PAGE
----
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In the hierarchy of potentially yawn-inducing sports on English television — somewhere in the realm of amateur poker and equestrian events — is a game many Americans would describe as “kind of like pool.”

It’s snooker (pronounced “snew-ker”), and while it does involve a large green table and a couple of cue sticks, the rules are entirely different.

Unlike American-favored eight-ball billiards, snooker is won by sinking various balls to accrue points, not by shooting stripes or solids to get to the eight ball.

There are two types of balls on the table, a group of reds and a set of balls of various other colors. Players must first sink a red ball, then any one of the other colors, and continue alternating between them until they miss.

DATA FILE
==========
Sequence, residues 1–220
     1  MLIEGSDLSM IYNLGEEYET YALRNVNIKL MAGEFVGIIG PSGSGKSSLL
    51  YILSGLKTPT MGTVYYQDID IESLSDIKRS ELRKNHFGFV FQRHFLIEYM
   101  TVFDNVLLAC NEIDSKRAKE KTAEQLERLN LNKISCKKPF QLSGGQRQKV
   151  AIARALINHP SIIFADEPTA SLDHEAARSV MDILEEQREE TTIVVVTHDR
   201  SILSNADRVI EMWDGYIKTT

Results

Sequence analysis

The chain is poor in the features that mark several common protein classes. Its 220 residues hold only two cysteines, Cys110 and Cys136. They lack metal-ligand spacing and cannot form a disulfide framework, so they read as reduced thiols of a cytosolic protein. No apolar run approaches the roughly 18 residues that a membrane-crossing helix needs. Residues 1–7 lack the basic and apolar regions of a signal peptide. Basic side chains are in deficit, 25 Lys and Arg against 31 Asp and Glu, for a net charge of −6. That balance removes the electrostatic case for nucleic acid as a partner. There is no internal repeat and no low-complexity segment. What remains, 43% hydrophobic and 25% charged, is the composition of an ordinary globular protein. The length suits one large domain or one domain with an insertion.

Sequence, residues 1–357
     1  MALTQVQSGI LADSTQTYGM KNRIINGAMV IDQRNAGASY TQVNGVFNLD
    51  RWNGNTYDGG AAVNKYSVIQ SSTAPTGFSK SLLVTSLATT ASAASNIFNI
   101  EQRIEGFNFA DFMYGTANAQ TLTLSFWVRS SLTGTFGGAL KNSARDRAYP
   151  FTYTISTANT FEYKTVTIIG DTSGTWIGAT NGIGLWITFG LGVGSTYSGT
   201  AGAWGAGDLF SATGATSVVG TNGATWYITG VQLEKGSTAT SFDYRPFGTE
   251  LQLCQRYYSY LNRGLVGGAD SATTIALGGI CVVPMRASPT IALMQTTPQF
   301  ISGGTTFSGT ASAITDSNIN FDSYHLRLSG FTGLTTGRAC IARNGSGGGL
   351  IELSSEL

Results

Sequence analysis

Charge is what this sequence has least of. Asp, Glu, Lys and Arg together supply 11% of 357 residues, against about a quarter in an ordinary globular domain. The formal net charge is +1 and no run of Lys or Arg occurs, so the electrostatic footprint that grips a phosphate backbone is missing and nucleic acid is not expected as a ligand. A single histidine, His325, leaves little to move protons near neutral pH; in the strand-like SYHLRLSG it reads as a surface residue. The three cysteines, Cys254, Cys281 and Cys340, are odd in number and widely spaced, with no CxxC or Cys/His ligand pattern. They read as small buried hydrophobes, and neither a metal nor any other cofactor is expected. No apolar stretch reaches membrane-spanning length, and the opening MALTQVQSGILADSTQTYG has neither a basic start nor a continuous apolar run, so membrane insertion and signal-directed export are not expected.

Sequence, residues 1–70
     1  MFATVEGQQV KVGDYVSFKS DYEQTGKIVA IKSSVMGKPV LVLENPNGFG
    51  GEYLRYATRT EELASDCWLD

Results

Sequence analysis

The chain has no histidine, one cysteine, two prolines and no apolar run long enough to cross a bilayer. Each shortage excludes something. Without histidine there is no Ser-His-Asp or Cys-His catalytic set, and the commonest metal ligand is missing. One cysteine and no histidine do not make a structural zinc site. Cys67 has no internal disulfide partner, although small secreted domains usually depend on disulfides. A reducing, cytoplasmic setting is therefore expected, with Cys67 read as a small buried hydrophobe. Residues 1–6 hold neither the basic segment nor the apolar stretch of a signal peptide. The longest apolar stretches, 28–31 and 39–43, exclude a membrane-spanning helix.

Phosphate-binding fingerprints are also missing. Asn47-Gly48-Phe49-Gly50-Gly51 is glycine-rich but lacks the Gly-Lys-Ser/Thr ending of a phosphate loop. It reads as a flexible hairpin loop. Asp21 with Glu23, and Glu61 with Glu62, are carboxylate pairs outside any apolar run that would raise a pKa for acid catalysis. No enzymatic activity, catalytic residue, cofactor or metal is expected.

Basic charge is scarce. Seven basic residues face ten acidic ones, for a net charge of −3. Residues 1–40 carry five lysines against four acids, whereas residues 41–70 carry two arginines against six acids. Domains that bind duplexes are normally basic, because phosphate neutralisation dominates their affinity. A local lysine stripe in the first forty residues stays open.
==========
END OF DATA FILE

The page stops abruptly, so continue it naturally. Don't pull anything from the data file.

Sink a red (always worth one point) and you must then hit a color ball (worth anything from two to seven points, depending on the color) or face a penalty. Occasionally, however, when a player doesn’t think he is in a good position, he may place the cue ball so that his opponent does not have a direct shot at the next required ball — “snookering” his opponent by placing the cue behind other balls.

Played on a much larger table than a pool table — 140½ inches by 60 inches versus 100 inches by 50 inches — the game often is slow and methodical, with “frames” occasionally lasting upward of 45 minutes.

But games also can go quickly; the world record for a maximum 147 points is just 5 minutes, 20 seconds.

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